Stone and Alexander have denied any wrongdoing and have not been charged with any crime.
The Proud Boys used “1776” as a similar shorthand for a rebellion, while several of the co-defendants prepared for violence and said they would go to war to keep Trump in office. On Jan. 6, Nordean and Biggs took over for Nordean and the group on a march to the Capitol even before Trump began speaking at the White House Ellipse. After canvassing the building’s security perimeter, they converged on the northwest corner of the grounds minutes before lawmakers convened the joint session at 1 p.m., hyping the crowd with chants by megaphone before rioters surged forward.
Proud Boys followers also toppled barricades and assaulted police at later points, helping clear the way for the mob. Afterward they celebrated with “victory smokes” and claims of credit, with Tarrio monitoring events and texting, “Make no mistake … We did this.”
Biggs called the raid on Congress a “warning shot to the government,” adding that it showed authorities “how weak they truly are” after being beaten “on their own home turf,” prosecutors said.
Attorneys for Nordean, Biggs and Rehl asked for sentences of time served, up to 2½ years, saying their actions that day were peaceful like hundreds of others punished for misdemeanors, and that the Justice Department t the Proud Boys leaders for the group’s political activities.s’ and police roles in the violence, before making political scapegoats of the Proud Boys, who they called beer-drinking brawlers with patriotic intent, not would-be violent foot-soldiers of the far right.
“There were no statements in those chats about stopping the transfer of power on Jan. 6 with or without force,” said Nayib Hassan, an attorney for Tarrio. He said defendants had no “shared objective” other than to march, protest and promote the Proud Boys brand.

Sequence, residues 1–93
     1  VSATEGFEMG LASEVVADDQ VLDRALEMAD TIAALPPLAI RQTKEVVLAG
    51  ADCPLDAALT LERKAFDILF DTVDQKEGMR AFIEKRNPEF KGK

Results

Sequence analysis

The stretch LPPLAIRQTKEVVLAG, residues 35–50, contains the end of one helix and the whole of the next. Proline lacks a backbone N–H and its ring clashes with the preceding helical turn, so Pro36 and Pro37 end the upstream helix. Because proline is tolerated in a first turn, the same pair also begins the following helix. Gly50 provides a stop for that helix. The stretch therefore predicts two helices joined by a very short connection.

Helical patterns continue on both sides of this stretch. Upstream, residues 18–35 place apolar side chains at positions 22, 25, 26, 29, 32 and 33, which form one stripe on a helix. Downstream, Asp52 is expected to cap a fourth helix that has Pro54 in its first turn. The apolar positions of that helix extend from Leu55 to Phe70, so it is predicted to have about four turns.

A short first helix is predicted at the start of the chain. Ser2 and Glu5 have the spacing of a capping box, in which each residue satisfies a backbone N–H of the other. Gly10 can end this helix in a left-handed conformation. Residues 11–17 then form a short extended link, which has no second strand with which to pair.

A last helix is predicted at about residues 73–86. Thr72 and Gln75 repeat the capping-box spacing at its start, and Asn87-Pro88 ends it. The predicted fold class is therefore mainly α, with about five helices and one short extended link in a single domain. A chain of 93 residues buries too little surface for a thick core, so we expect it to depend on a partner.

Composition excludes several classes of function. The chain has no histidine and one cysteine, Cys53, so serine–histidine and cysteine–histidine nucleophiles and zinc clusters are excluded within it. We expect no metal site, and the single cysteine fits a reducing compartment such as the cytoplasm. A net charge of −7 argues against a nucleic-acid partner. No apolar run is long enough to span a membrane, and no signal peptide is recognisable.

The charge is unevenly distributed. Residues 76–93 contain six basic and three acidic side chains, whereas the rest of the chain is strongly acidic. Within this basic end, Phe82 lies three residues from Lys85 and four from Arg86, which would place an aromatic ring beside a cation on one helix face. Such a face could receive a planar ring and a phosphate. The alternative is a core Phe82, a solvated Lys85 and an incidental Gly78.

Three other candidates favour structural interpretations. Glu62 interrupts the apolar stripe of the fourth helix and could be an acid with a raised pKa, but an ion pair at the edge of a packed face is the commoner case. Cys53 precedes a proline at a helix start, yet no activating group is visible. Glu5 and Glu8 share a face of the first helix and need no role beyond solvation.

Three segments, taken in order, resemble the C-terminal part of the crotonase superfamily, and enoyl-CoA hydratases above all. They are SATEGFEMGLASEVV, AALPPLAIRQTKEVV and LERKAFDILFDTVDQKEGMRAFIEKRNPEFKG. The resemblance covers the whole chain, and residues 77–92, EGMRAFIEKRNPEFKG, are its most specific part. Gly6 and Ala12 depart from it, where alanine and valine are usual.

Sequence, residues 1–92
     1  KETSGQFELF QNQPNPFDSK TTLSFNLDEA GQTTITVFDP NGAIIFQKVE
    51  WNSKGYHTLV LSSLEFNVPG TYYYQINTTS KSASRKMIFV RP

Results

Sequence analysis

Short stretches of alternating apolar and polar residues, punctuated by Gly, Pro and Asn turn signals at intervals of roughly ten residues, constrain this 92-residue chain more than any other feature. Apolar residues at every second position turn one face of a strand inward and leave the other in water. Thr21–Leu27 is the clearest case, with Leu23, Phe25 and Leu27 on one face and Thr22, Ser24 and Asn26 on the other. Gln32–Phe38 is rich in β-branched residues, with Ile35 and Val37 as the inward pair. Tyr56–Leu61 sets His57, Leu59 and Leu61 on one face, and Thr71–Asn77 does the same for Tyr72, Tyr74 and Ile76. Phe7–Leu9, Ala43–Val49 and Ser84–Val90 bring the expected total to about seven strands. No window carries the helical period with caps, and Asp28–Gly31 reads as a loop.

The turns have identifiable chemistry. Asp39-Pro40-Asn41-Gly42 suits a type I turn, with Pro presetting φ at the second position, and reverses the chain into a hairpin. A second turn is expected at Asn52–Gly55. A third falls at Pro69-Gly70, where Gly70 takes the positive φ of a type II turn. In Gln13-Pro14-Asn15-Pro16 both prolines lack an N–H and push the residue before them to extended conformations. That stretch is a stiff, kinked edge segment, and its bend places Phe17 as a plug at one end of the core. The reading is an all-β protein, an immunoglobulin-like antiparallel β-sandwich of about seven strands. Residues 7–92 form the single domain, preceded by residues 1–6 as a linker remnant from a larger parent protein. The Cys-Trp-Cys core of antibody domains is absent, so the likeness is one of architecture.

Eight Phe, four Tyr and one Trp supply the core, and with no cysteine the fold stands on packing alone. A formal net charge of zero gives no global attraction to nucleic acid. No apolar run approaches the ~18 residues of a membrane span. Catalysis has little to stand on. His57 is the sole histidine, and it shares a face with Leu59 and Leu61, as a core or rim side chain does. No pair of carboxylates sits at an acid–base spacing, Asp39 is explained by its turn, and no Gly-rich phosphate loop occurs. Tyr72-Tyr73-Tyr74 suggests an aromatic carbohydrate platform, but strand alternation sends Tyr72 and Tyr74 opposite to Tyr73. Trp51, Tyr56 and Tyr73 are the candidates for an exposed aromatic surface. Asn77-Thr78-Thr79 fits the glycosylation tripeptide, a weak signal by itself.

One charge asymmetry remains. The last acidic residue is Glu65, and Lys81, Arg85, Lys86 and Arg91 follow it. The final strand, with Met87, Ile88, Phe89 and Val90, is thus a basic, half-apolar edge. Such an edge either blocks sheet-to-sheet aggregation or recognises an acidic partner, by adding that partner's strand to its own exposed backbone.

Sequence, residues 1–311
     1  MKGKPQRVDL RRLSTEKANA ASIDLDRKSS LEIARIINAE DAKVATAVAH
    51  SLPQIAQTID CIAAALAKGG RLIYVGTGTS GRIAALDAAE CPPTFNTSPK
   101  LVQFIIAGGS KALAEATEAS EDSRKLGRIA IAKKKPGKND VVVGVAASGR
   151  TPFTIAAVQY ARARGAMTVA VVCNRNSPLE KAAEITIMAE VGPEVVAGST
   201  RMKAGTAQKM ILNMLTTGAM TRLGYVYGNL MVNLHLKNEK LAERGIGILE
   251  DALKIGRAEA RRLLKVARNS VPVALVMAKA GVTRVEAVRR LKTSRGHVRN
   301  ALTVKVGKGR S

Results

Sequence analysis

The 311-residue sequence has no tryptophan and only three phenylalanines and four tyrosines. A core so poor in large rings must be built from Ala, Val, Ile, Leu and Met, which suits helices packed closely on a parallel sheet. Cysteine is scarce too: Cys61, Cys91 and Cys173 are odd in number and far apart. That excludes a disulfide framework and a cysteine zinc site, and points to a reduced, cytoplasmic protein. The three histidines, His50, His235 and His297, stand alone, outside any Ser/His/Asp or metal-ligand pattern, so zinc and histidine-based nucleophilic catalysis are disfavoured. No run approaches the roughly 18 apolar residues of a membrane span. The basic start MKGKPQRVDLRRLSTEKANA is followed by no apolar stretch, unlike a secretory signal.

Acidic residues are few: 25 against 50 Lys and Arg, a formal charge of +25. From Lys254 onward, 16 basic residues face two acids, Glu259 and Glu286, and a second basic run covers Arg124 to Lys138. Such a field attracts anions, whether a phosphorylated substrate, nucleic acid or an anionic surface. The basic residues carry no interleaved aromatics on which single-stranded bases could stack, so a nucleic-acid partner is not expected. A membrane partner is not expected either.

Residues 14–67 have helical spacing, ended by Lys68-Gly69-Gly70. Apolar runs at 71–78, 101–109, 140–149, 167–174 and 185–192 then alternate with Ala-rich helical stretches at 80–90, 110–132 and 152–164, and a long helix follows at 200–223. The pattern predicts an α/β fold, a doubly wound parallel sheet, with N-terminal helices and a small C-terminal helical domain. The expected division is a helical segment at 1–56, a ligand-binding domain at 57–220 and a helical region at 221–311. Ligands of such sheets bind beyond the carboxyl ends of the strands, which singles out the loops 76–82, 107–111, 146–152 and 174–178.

Tarrio, Nordean and Biggs did not testify at trial, but Rehl said the Proud Boys’ preparations were strictly for self-defense after past violence in Washington. Pezzola testified to clear the others of responsibility for his actions, but attacked prosecutors and “this corrupt trial with your fake charges.”
In Biggs’s and Rehl’s sentencing memos, their attorney Pattis acknowledged they committed some crimes, but called the government’s severe treatment of them “grievously wrong.” Pattis said there was no evidence to support the contention that the Proud Boys were directed by others or acted in concert with any other group, and asserted that lengthy sentences could confuse some of the public into thinking that “mere abstract calls for violence at some future date are now prohibited.”
“The defendants ask the Court to do heed what the Government cannot see, or will not acknowledge: We are a nation borne in dissent; our politics has often been raw and raucous,” Pattis argued, “Draconian sentences in this case will deepen divisions in this country at a time when the need to build bridges is acute.”